My product / service appeals to so many people – why is no one purchasing / signing up?
Tuff’s creative strategist, Elle Ossello, loves to use this Kurt Vonnegut quote in relation to product and service marketing.
“Write to please just one person. If you open a window and share your story with the world, your story will get pneumonia.”
When it comes to product and service marketing, having wide potential appeal doesn’t make your product or service a market fit. Very few brands that are successful started off by focusing on appealing to everyone. Instead – when evaluating your target audience, we highly recommend focusing on the people who are most likely to buy your product, or sign up for your service first, rather than trying to reach large audiences of people.
You can figure out who is most likely to buy your product or service by doing qualitative or quantitative research: by checking out your existing customers and asking them questions, by evaluating your demographic behavior in Facebook or Google Analytics, or reading what people have to say about you or your competitors in comment threads online.
By digging deeper into the best potential customer or client fit, you can evaluate their common characteristics, what their buying motivation may be, what they may be purchase objections, and figure out how to communicate directly to their needs. This can help tremendously with refining your messaging, your product or service, and more.
Pro-tip: Once you’ve identified your target audience – evaluate their “life before” your product, and their “life after” your product, and you’re pretty close to having a good grip on your value propositions.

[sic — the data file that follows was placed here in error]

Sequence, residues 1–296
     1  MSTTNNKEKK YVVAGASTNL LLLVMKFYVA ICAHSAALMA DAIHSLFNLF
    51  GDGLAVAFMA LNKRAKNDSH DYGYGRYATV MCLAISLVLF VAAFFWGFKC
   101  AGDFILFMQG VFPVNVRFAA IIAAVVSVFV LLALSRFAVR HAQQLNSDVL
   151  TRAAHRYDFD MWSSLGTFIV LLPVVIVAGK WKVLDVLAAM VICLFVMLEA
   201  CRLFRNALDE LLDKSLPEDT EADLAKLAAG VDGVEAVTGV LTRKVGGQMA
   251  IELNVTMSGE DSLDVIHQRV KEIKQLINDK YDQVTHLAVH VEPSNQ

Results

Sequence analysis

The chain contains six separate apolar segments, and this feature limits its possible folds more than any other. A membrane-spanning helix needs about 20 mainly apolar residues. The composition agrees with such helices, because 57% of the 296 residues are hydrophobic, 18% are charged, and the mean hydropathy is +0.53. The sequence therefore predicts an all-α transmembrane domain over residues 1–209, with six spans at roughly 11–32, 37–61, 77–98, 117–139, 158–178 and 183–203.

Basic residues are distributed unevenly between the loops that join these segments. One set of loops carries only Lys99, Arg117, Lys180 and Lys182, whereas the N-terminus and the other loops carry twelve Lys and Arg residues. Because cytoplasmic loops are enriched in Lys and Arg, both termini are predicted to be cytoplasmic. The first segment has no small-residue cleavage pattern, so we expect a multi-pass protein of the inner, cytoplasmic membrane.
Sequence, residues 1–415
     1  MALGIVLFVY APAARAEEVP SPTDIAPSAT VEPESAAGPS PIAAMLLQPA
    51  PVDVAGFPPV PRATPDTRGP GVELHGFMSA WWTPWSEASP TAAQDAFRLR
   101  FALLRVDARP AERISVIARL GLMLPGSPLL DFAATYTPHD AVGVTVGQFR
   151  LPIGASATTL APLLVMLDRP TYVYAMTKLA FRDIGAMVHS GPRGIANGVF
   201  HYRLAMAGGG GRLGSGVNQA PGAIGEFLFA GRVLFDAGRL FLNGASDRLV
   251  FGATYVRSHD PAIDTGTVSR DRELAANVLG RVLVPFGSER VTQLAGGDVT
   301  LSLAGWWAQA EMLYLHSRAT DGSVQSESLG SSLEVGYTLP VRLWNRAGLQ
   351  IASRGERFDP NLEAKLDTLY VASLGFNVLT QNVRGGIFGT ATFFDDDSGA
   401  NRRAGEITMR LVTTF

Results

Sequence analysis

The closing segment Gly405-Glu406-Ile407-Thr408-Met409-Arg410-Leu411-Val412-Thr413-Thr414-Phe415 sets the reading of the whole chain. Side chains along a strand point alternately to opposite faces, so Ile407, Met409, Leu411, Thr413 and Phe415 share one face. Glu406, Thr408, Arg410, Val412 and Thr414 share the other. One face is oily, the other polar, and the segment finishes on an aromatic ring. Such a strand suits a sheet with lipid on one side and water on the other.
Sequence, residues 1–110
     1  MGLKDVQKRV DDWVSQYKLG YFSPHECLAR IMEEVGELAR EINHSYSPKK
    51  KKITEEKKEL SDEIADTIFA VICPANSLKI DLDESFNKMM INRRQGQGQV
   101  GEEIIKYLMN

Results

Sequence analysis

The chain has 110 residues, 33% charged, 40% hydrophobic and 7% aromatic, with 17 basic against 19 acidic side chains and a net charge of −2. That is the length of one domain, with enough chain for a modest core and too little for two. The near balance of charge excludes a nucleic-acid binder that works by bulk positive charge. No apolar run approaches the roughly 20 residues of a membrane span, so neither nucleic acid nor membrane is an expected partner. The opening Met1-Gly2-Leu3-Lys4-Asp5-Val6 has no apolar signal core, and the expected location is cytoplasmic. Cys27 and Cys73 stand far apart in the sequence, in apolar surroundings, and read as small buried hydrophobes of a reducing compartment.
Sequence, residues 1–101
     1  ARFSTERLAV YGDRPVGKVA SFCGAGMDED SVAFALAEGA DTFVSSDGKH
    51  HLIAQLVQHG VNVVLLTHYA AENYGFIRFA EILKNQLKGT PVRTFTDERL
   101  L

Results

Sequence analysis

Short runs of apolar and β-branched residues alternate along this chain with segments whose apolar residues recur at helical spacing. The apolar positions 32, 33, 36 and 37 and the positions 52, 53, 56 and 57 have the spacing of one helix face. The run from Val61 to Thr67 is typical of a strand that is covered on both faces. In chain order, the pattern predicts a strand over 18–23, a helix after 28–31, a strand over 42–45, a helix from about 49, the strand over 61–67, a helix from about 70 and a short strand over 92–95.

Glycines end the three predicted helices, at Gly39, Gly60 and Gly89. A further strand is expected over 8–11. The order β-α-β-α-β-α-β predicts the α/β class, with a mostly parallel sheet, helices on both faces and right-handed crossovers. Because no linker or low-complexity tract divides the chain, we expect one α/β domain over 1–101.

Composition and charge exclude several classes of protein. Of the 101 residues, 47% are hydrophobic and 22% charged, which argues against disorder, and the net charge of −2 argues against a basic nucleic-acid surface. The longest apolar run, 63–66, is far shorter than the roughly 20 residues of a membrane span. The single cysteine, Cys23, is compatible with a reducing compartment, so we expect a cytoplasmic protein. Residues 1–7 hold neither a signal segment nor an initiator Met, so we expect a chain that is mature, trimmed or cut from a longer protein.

Not all startup marketing agencies are created equal…
A quality startup marketing agency should collaborate with founders on setting them up for long-term success by getting quick wins and lots of learnings. Additionally, they should be flexible – ready to pivot based on testing and the analysis of their results.
And if you’re an early-stage startup, you probably don’t need an agency. When your startup is moving a million miles an hour and any small decision can set off powerful reverberations across your company, stretching a thin budget to hire a full team simply doesn’t add up. If you’re ready for growth marketing help and considering a growth marketing agency, check this out first.
Richard has spent the last five years working at digital agencies, exploring various industries and company lifecycles. I’ve created and implemented growth campaigns on just about every platform for startups, $20,000,000 a year companies, and everything in-between. When not at work, I can be found cheering on the Penguins or Steelers, spending time with my wife and son, playing disc golf, baking, or walking my dogs.